Participation Strategy Exemplar


Section 19 of the Children and Families Act 2014 explicitly refers to the importance of children and young people participating ‘as fully as possible’ in the decisions that affect their lives. Developing a participation strategy is the first step in ensuring that this is done to a high standard and is embedded across the local authority.

The recent Ofsted SEND inspections have highlighted that although there are pockets of participation good practice, there is need for more support around the development of participation strategies. This has been reflected in Making Participation Work’s regional learning events.

This document has been developed by looking at existing participation strategies to identify good practice. It has been developed in co-production with children and young people with a range of strategic participation experiences, who gave input on what a good participation strategy should include.

This resource is part of the Making Participation Work programme, a joint partnership between the Council for Disabled Children and KIDS, and funded by the Department for Education. For more information about the Making Participation Work programme, visit us at: practice/making-participation-work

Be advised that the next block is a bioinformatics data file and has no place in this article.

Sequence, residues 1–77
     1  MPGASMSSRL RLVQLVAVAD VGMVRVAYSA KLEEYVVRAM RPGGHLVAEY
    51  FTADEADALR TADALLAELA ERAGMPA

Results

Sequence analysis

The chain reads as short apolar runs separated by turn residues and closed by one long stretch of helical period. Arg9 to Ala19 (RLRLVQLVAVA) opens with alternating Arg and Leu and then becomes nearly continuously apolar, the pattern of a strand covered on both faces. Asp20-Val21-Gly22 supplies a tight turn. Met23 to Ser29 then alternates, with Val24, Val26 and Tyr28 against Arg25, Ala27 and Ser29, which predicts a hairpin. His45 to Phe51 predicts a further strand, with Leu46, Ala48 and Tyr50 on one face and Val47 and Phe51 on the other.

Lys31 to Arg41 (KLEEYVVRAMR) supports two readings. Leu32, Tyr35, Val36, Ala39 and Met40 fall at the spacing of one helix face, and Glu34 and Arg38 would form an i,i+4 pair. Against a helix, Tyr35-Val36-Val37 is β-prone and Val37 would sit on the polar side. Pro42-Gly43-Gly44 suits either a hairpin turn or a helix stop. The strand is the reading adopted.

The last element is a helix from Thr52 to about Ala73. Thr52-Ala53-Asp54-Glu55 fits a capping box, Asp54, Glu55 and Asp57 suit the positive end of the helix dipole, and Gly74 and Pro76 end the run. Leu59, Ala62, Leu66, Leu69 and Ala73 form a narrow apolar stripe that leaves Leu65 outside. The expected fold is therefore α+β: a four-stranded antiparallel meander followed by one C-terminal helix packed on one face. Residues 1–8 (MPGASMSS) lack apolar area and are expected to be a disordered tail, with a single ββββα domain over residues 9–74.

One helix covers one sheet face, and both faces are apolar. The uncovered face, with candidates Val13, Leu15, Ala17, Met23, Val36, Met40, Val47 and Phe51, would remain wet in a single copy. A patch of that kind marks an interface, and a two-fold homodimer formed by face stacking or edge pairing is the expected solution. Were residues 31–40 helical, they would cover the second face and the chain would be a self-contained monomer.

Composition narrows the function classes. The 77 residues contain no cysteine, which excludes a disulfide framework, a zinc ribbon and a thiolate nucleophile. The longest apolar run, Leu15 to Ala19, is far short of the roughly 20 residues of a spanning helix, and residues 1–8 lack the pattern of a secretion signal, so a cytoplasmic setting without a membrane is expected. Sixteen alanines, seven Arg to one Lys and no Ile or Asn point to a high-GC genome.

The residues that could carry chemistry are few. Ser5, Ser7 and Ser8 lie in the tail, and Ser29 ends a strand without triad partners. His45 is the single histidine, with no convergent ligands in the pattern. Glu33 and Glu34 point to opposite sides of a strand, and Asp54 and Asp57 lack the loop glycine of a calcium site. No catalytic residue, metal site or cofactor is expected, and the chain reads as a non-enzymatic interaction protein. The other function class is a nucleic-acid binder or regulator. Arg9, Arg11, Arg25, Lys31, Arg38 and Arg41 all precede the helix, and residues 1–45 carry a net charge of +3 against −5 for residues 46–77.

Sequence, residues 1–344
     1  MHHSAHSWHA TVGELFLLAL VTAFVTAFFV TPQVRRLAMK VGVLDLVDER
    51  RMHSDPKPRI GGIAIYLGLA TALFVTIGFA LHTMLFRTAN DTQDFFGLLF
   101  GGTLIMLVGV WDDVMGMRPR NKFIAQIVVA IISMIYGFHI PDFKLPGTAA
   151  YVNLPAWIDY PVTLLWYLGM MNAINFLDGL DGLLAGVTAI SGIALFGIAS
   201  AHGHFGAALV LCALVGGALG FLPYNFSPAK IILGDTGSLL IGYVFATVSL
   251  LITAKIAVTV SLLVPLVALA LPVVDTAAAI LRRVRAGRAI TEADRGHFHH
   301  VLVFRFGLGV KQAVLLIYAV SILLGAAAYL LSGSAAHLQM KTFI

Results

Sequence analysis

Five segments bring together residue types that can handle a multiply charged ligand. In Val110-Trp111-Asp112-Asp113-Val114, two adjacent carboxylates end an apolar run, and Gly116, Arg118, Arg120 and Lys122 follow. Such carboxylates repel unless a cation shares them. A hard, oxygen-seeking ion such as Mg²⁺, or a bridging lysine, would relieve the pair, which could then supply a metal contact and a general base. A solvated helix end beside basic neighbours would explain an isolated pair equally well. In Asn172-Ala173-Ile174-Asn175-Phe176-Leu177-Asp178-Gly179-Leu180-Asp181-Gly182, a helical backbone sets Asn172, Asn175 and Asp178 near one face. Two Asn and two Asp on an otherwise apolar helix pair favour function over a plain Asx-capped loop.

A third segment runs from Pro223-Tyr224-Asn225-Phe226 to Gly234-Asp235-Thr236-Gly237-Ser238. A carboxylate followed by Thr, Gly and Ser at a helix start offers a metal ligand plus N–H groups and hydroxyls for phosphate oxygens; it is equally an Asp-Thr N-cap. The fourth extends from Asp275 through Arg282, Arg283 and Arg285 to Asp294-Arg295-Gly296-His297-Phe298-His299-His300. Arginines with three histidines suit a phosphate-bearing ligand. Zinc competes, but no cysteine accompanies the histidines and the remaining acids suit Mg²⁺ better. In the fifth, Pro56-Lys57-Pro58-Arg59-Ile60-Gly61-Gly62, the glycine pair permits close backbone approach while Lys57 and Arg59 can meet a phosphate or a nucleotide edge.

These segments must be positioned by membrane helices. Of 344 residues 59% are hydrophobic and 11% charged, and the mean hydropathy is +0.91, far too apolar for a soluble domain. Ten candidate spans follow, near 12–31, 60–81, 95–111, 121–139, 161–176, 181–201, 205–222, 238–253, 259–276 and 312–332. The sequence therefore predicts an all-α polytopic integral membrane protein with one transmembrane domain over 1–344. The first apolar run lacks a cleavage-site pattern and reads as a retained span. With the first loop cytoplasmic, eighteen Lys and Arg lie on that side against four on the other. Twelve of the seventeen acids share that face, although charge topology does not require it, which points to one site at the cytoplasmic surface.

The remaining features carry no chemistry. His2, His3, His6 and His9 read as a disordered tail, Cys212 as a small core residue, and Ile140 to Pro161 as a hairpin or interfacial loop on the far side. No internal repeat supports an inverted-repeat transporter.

Using this document

All local authorities work within a unique set of circumstances, and your circumstances should be reflected in your participation strategy. The strategy should be developed in co-production with children and young people, and this will have a significant impact on the document. As such, this exemplar should not be used as a template, but rather as guidance for developing a participation strategy.


We would like to thank everyone who has commented on drafts during the development of this document, particularly the children and young people who have worked with us. All quotes are either directly or paraphrased from children and young people in the course of participation work. The final content of this document is entirely the responsibility of the Council for Disabled Children.